Once seen as an extreme, even imprudent notion in the corridors of respectable central banking, the idea that a little bit of inflation is needed to let some of the air out of a decades-long debt bubble is gaining ground in establishment economics. Even the U.S. Federal Reserve, a central bank that prides itself in offering a high degree of steady predictability on inflation, is now actively pondering taking more drastic steps, such as linking the path of interest rates to the direction of unemployment or inflation.
One particularly striking passage in minutes to the Fed’s August meeting signaled such an approach was much closer to becoming policy than investors and economists had believed:
In choosing to phrase the outlook for policy in terms of a time horizon, members also considered conditioning the outlook for the level of the federal funds rate on explicit numerical values for the unemployment rate or the inflation rate. Some members argued that doing so would establish greater clarity regarding the Committee’s intentions and its likely reaction to future economic developments, while others raised questions about how an appropriate numerical value might be chosen. No such references were included in the statement for this meeting.
Reuters flagged the theme on Sept. 2 (Fed could get specific on goals if recession hits), just as Chicago Fed President Charles Evans began campaigning for such an approach, which depending on its form might be referred to as price-level targeting. Under such a regime, the Fed would allow inflation to surpass its 2 percent goal for a period, letting it rise to, say, 3 percent, in an effort to stimulate investment and economic activity. Evans argued before the European Economics and Financial Centre in London last week:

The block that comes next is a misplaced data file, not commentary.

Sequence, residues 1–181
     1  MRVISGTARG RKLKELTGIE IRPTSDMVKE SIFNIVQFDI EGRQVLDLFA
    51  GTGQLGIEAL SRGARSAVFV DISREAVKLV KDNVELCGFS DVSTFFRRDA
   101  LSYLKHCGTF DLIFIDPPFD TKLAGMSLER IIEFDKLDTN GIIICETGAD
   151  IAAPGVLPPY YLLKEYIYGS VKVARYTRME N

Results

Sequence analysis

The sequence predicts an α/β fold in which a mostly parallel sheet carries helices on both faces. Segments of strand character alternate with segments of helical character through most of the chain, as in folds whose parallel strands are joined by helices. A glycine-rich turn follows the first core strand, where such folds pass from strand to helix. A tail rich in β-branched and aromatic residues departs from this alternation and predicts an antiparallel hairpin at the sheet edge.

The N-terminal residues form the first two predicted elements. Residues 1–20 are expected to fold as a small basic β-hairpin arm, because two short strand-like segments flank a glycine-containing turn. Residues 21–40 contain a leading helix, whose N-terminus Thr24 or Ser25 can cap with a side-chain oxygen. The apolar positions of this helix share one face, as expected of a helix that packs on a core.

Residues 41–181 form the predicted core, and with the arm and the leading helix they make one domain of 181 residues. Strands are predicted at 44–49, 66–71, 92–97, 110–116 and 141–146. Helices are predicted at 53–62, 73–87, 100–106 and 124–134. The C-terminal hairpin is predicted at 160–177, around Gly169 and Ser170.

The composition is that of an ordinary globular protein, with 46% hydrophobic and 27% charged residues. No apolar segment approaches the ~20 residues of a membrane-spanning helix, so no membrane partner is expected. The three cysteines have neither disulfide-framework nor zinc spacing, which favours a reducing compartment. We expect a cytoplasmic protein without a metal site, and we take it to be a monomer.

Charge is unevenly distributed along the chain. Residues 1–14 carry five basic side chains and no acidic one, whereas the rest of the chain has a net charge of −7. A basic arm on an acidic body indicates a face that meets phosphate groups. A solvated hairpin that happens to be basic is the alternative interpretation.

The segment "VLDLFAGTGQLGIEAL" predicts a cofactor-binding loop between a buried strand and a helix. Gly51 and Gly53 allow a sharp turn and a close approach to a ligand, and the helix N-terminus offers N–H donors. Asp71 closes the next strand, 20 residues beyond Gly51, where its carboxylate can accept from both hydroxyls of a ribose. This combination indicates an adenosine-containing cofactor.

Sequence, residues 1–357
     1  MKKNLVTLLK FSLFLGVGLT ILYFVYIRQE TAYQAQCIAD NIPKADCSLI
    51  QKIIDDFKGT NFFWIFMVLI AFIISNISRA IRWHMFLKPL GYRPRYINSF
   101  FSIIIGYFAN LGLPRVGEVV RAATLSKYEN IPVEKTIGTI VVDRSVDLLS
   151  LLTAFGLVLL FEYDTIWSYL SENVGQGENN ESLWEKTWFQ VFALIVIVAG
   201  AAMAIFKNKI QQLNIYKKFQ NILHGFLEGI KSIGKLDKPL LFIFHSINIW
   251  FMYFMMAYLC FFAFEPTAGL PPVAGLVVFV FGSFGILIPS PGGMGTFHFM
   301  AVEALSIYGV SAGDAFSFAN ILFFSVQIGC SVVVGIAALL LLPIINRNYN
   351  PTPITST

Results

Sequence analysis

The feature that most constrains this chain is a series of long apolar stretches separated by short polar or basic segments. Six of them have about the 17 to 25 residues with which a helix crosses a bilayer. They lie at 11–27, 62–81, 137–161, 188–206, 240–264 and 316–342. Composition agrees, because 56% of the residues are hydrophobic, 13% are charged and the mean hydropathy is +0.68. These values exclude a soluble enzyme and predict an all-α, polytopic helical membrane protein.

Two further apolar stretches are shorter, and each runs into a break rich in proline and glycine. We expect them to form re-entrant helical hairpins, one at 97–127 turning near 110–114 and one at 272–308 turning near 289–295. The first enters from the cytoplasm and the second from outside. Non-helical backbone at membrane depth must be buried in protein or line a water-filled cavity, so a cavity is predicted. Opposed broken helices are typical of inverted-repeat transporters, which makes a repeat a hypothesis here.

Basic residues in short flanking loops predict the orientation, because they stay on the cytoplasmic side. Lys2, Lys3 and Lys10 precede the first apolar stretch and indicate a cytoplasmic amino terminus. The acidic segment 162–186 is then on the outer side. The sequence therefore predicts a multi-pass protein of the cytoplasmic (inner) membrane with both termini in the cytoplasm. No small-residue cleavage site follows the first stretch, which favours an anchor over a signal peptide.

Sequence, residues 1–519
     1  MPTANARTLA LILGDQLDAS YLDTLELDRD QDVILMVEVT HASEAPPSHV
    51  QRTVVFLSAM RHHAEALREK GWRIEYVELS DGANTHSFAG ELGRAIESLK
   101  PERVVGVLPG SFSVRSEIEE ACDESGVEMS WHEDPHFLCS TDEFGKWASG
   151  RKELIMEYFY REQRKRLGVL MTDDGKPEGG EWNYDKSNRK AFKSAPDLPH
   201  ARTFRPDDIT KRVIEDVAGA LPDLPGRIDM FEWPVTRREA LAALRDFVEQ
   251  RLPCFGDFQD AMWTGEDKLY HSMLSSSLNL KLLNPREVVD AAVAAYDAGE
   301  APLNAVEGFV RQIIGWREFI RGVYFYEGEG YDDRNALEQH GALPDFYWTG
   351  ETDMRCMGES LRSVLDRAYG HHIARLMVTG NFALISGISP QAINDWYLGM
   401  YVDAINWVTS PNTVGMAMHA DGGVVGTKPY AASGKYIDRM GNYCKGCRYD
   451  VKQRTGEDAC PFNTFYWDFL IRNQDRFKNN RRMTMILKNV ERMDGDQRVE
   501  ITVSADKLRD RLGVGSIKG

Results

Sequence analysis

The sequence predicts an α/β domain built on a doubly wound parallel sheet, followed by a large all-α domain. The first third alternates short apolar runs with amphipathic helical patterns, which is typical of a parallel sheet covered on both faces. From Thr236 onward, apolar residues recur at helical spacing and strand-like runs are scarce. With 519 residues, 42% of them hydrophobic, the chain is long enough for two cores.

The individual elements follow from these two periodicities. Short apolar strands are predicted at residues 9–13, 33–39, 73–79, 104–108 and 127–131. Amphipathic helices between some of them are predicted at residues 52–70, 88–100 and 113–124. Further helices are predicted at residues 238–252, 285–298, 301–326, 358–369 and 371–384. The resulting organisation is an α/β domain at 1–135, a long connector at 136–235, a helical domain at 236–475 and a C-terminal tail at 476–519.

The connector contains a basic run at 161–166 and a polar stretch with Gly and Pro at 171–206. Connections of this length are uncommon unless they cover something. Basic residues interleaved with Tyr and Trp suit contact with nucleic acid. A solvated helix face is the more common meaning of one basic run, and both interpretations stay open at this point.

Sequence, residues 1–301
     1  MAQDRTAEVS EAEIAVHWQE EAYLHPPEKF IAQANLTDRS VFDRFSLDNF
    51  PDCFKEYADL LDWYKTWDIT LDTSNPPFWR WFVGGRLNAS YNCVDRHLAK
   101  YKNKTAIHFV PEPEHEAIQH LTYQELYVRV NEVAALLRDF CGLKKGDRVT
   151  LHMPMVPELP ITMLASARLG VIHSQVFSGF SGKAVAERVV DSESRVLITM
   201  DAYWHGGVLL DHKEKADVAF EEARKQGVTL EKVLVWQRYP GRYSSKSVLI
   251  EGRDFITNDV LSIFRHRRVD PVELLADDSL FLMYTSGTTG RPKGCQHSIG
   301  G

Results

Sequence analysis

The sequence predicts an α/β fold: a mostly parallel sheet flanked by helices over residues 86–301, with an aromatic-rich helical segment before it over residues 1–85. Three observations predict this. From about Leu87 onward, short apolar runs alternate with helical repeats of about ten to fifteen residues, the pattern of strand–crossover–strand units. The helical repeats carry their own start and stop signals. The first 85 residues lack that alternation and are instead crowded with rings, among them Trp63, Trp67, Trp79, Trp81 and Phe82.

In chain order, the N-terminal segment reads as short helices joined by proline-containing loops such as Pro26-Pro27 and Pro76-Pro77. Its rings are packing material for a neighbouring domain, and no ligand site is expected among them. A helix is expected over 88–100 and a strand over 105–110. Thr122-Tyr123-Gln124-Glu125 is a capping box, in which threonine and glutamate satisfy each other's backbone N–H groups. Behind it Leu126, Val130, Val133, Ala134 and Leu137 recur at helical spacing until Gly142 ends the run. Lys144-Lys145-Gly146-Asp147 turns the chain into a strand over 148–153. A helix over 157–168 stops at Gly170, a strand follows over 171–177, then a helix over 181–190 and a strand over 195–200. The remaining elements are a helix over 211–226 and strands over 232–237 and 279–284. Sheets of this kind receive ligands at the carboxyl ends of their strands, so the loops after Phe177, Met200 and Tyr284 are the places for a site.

We need to take strong action now. Given how truly badly we are doing in meeting our employment mandate, I argue that the Fed should seriously consider actions that would add very significant amounts of policy accommodation. If 5 percent inflation would have our hair on fire, so should 9 percent unemployment. Such further policy accommodation does increase the risk that inflation could rise temporarily above our long-term goal of 2%. I do not think that a temporary period of inflation above 2% is something to regard with horror.